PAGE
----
The Blue Men of the Minch

Lydia Kendall

Hello my wonderful lads and lasses,

From time to time, we’ve explored many legends of the Scottish folklore. But what we haven’t discussed is the Blue Men of the Minch. Who are these men?

Well, to be honest, a wildly inaccurate term would be mermen. But not the ones you are thinking of – they do not have a fish tail, nor do they exchange their voice for a chance to walk on human legs. 

The Outer Hebrides. Image source.


The blue men of the Minch, also known as storm kelpies (Scottish Gaelic: na fir ghorma), are mythological creatures inhabiting the stretch of water between the northern Outer Hebrides and mainland Scotland, looking for sailors to drown and stricken boats to sink. They are mostly found located in the Minch, and they do not seem to have counterparts in any other country of the world. 

Apart from their blue color, these creatures look a lot like normal humans, and are about the same size. Most of the time “The Blue Men Of Minch” swim the seas, but sometimes sleep in underwater caves. While the Blue Men sleep the weather could be fine and the seas calm.

But if they wake up…They can create storms whenever they want, and you don’t want to be caught up in them, especially if they the Men are really mad. So, be careful when you travel in the Minch!

Blue Men of the Minch. Image source

Description and common attributes

It is said that the blue men swim with their torsos raised out of the sea, twisting and diving like porpoises. They can speak, and actually one of the challenges they present to sailors is a rhyming ‘competition’. They engage in a rhyming duel, reciting a verse to the captain of the ship, and if he engages and completes it successfully, they spare the ship. Those with a less sharp tongue and wit, are left to perish at their hands…

I am not sure if I would have survived! I do get tongue-tied under pressure 😛

Here is a description of such a challenge between the Chief of the Blue Men and the Captain of a vessel as described by Donald Alexander Mackenzie, a Scottish journalist and folklore expert:

Chief of the Blue Men:

Man of the black cap, what do you say

As your proud ship cleaves the brine?

Skipper answers;

My speedy ship takes the shortest way,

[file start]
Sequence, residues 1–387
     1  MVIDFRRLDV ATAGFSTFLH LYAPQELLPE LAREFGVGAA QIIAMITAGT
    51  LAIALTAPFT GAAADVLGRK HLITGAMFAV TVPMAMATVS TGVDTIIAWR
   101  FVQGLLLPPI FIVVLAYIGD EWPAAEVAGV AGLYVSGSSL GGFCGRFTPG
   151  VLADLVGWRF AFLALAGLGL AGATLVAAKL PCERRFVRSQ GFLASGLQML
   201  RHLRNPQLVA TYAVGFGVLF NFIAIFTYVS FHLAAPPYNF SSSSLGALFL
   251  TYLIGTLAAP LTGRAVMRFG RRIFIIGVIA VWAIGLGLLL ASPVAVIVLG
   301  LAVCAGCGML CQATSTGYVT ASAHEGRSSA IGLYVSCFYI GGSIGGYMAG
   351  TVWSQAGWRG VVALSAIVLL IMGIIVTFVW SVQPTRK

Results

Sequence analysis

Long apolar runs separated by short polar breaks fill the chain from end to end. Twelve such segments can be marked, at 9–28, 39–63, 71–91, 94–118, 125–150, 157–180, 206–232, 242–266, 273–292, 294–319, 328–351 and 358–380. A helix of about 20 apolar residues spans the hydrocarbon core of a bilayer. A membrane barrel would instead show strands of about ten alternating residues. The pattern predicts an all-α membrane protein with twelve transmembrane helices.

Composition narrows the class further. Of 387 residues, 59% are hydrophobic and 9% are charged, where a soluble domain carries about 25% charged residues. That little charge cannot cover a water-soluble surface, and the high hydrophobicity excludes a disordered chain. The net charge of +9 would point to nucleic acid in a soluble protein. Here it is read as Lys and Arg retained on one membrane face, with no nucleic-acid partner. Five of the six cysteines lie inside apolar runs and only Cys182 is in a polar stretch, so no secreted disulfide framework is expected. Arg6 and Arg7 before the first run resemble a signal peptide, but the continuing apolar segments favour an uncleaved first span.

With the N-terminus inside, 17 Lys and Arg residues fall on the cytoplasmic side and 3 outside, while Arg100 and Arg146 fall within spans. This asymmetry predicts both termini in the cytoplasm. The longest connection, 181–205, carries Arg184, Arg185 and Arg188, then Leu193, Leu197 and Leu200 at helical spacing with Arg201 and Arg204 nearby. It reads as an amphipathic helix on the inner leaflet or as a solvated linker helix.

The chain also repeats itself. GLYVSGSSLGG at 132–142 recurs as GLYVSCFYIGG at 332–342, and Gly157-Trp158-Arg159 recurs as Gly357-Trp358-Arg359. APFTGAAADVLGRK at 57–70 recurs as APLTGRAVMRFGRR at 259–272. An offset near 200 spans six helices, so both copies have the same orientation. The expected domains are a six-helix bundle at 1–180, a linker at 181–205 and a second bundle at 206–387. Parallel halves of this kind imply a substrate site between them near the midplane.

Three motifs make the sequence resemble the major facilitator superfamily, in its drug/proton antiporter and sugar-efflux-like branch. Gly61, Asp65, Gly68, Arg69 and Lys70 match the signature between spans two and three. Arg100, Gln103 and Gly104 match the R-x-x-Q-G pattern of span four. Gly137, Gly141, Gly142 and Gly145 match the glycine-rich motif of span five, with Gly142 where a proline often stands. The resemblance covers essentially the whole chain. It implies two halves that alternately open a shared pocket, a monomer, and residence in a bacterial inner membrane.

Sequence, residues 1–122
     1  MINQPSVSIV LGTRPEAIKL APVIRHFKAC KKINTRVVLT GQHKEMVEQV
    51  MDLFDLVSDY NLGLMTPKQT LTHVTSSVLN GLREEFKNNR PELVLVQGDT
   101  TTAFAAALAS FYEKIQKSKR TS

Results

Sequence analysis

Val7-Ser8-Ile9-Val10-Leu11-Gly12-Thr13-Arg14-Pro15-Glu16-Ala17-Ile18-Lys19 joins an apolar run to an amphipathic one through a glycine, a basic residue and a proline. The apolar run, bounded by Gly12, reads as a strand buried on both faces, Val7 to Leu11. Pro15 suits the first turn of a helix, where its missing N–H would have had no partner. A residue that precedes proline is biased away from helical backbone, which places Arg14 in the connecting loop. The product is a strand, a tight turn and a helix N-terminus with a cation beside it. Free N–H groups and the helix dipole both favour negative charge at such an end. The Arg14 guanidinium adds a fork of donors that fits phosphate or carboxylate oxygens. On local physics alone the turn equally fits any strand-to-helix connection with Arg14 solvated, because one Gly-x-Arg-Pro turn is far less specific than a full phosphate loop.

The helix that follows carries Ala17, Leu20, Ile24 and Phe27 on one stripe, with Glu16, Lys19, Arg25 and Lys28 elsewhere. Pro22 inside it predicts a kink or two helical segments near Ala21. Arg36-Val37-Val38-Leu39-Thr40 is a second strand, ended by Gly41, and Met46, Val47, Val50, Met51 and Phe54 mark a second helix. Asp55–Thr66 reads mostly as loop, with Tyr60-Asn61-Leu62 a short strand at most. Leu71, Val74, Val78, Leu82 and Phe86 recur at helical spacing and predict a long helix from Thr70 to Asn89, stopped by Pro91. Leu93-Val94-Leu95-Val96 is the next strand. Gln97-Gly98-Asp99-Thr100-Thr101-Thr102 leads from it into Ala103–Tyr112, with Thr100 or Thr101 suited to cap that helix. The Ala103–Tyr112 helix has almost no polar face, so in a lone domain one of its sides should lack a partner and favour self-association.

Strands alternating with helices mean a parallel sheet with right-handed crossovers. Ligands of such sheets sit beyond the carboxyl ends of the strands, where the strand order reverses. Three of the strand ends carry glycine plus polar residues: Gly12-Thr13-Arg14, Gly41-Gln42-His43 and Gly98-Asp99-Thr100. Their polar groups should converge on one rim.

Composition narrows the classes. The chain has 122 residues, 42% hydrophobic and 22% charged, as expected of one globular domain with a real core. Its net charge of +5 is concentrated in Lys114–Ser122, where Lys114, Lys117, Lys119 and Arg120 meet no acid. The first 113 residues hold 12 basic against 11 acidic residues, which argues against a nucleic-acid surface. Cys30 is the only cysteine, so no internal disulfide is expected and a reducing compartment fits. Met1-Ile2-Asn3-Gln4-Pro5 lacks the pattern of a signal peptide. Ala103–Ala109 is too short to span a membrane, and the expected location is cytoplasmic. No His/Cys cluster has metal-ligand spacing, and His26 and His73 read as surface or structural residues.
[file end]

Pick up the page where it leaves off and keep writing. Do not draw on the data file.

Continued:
And I’ll follow you line by line.

Chief of the Blue Men:

My men are eager, my men are ready

To drag you below the waves-

Skipper answers:

My ship is ready, my ship is steady,

If it sank it would wreck your caves.

The Chief of the Blue Men, having been answered strongly and with confidence by the skipper of the vessel, let the ship sail on to safety.

The Blue Men wear blue caps and grey faces which appear above the waves that they raise with their long restless arms.

Different explanations

These Blue Men might be nothing more than a simple personification of the sea. They could have also originated with the Pics, whose painted bodies may have given the impression of men raising themselves out of the water if they were seen crossing the sea in boats that might have resembled kayaks. 

Another explanation might lie with the North African slaves the Vikings brought with them to Scotland, where they spent the winter months close to the Shiant Isles in the Minch. The Scottish Gaelic term fir ghorma, meaning “blue men”, is the descriptor for a black man according to Dwelly. Thus sruth nam fear gorm, one of the blue men’s Gaelic names, literally translates as “stream of the blue men”, or “river, tide or stream of the black man”.

The mythical blue men may have been part of a tribe of “fallen angels” that split into three; the first became the ground dwelling fairies, the second evolved to become the sea inhabiting blue men, and the remainder the “Merry Dancers” of the Northern Lights in the sky. The legendary creatures are the same size as humans but, as the name implies, blue in colour.

Capturing them?

No surviving tales mention attempts to kill the demons, but a Gregorson Campbell story tells of the capture of a blue man. Sailors seize a blue man and tie him up on board their ship after he is discovered “sleeping on the waters”.[9] Two fellow blue men give chase, calling out to each other as they swim towards the ship:

Duncan will be one, Donald will be two

Will you need another ere you reach the shore?

On hearing his companions’ voices the captured spirit breaks free of his bonds and jumps overboard as he answers:

Duncan’s voice I hear, Donald too is near

But no need of helpers has strong Ian More.

Sailors thus believed all blue men have names by which they address each other.

If you ever find yourself sailing through the Minch, have as a shield your wit and a sharp tongue, in case you are dragged into a rhyming competition…Do you think modern day’s rappers would succeed? Like…Eminem?

Let me know your thoughts in the comments! 

Until next time…

Written by Lydia Kendall 

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